When I’m paying money for a CD (or a movie or a book or a painting), I should be able to get a good quality product. When I have a choice between JKP fluff and Ryan Shupe banjo-pickin’ (BTW, why are we mentioning him on this thread? He may be Mormon, but his music has no Mormon themes and is as much influenced by bluegrass as pop), I’ll take the banjo every time.
Perry and McLean are pop?
Sick. Just sick.
William, I think I saw Ali Ali Oxen Free play some shows in Provo around 1992, maybe on the bill with Anyone For Squash. Another Mormon band I saw play a lot (this would be around 1995) was a jokey hip-hop/punk group called Chump. Hits included “B.Y.G. (Brigham Young Gangsta)” and “Mowin’ my Lawn.” Fun stuff. But I don’t think that is what Kaimi is talking about.
Groan. I don’t know how many times I’ve played â€œI Heard Him Comeâ€? for this friend or that in sacrament meeting. It’s getting to the point where my hands are tarnished. I need to learn to say no. I’m tired of sheepishly walking up to the piano infront of that poor, poor congregation – little do they know what’s coming… Or maybe they do. It’s all quite predictable now, isn’t it?
But no one has really answered the real question here: should we be going more for JKP and Michael Maclean, or for John Rutter and Ralph Vaughn-Williams? John Rutter writes a very melodic kind of church music that also promotes a very worshipful attitude. To me, there isn’t really a question: Rutter every time.
As a fifty-something I avoid “Mormon” or “Wasatch Pop” like the plague. I just stepped down last year after 15 years as Ward Choir Director and I can say proudly that I never programmed any of that crap on any Sacrament Meeting or special program during that entire time. Since then the new choir director has featured mainly arrangements of hymn tunes, but I found myself gagging during the Christmas Sacrament Meeting program as she had the choir perform a complete JKP “cantata” (and I really use the term lightly)! I found myself reaching for a crucifix to scare the “creature” out of the chapel until I realized that crucifixes probably don’t work against Mormon vampires. Give me a piece by Leroy Robertson, Crawford Gates, Robert Manookin, or Bob Cundick any day over some of the monstrosities I’ve been forced to listen to over the years in Sacrament Meetings!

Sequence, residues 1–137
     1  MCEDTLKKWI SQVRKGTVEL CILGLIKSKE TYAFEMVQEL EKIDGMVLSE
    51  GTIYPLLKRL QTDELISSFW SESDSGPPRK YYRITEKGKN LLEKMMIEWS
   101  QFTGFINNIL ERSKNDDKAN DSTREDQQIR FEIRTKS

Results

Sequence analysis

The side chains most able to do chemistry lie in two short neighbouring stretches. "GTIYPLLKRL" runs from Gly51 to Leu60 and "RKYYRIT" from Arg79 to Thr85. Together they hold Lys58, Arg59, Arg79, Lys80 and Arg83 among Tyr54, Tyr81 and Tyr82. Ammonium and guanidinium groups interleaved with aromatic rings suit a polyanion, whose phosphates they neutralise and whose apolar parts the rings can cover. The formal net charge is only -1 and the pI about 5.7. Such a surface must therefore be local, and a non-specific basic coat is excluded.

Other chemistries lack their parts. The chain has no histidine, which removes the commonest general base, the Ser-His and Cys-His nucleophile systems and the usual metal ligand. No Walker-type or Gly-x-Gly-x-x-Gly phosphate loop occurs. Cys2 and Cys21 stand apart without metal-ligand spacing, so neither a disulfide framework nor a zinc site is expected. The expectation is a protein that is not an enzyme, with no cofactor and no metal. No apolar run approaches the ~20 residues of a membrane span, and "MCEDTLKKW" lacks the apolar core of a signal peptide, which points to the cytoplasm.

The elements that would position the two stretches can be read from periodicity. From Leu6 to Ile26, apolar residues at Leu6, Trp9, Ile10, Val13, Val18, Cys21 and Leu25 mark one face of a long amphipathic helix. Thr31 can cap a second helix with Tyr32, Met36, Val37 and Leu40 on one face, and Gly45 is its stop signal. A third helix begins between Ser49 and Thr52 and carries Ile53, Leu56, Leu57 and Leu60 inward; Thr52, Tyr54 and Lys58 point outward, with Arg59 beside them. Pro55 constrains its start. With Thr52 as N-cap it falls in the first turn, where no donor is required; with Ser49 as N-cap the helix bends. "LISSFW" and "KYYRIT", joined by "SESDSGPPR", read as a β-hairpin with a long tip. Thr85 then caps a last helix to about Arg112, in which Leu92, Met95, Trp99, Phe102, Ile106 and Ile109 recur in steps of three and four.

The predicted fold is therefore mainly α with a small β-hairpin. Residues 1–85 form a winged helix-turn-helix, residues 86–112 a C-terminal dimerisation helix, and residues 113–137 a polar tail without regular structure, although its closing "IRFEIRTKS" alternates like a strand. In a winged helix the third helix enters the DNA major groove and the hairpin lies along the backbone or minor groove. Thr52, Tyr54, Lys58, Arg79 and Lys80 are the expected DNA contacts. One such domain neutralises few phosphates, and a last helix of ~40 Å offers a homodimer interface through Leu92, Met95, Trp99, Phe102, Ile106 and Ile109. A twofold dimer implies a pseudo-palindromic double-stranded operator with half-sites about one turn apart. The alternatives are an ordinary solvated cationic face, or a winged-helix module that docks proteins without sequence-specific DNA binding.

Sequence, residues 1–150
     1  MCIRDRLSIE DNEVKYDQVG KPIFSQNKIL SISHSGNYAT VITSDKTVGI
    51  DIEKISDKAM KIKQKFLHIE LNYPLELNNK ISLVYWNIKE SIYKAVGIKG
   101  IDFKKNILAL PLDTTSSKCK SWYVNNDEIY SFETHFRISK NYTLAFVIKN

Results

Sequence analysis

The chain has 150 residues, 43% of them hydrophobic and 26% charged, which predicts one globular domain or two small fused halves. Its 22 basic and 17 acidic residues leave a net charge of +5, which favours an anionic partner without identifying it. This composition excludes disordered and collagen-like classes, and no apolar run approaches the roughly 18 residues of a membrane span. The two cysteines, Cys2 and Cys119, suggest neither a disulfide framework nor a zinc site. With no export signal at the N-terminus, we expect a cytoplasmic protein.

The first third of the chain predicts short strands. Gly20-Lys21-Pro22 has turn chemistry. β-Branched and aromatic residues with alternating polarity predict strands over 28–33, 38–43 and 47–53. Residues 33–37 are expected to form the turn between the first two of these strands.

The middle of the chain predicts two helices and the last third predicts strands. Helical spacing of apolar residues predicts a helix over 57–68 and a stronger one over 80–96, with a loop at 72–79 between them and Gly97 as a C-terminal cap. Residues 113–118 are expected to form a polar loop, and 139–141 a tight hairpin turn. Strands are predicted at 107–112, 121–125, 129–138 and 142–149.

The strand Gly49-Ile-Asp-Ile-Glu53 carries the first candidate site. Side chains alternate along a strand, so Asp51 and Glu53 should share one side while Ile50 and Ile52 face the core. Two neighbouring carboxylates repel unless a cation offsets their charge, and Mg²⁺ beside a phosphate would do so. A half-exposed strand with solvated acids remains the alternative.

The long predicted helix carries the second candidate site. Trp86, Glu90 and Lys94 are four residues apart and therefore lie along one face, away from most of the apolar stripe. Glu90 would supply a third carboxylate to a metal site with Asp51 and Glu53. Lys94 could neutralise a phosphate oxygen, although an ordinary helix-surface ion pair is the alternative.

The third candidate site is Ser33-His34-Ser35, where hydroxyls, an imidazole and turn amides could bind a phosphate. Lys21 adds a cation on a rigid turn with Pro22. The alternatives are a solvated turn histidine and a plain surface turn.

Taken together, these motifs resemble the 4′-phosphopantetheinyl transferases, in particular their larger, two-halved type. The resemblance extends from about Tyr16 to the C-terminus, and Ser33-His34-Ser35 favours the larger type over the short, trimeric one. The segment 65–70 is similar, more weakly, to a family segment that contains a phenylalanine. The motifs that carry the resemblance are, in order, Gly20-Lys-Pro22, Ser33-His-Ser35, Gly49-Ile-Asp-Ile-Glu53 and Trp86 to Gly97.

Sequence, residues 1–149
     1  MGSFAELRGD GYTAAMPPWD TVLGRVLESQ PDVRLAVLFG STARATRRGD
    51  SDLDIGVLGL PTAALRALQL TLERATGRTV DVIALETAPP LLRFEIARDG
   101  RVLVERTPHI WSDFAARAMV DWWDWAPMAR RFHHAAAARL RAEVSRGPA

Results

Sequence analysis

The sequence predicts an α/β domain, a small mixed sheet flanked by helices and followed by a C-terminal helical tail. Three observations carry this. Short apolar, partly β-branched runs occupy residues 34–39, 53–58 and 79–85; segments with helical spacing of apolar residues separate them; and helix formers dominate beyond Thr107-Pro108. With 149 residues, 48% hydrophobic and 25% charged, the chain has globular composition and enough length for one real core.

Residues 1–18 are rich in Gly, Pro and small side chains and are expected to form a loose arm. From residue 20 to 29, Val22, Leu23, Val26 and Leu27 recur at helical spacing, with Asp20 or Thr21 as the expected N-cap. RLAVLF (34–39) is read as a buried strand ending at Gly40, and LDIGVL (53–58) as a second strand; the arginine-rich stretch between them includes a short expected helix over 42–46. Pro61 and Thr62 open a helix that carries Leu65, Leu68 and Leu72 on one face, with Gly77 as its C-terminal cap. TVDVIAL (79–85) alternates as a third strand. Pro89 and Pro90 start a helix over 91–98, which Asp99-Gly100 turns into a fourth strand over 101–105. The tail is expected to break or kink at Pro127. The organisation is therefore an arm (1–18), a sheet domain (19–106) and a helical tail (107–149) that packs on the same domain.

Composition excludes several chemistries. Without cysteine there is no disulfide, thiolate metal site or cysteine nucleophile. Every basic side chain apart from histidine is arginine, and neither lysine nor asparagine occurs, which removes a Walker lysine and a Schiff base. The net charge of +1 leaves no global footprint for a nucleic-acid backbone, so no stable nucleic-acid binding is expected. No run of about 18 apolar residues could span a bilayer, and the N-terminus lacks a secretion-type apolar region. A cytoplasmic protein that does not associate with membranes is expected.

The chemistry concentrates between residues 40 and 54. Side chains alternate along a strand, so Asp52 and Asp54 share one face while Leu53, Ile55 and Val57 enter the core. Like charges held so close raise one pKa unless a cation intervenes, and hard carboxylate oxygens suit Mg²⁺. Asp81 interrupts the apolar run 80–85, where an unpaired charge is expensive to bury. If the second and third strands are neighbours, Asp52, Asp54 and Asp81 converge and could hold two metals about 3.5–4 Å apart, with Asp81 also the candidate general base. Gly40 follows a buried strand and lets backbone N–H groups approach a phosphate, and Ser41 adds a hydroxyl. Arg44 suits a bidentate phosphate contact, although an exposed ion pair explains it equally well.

D. To even make the camparison borders on the unseemly, but you are correct…Rudder everytime.
D. Fletcher said:
One of the counselors in the bishopric in my last singles ward was Roger Hoffman, who wrote “Consider the Lilies of the Field”. He told the story of how he struggled to make ends meet with his music, but never felt good about changing his style to make it more of the kind “you know you can sell at Deseret Book,” and how he often encouraged other artists he knew to essentially stop selling out. The song “Consider the Lilies” came as an answer to one of his prayers — basically, write what helps you express what is in your heart, and don’t worry so much about the marketplace.
It was a great story, no matter what you happen to think of his music. Happily, he seems to be doing ok.
Funny, I can’t make my living selling my music. I guess no one wants it, or certainly, they don’t want to buy it. I’d like to promote my music (with the perfect interpreter/singer, Sarah Asplund) but I’ve never felt good about it. And so I’ve been taken advantage of, in a big way. My song “Weepin’ Mary” has been sung internationally in Church, so it might as well be in the public domain. I’m happy to be the giver, but I’m not happy many have “taken” without bothering to question whether it was right or not. The excuse is always, “they’re not paying me to sing in Church, so why should I pay the composer for a copy of the song?”
I’ll second matt astle. Shupe & Rubberbands are _not_ “Mormon” musik. They are just fast & fun.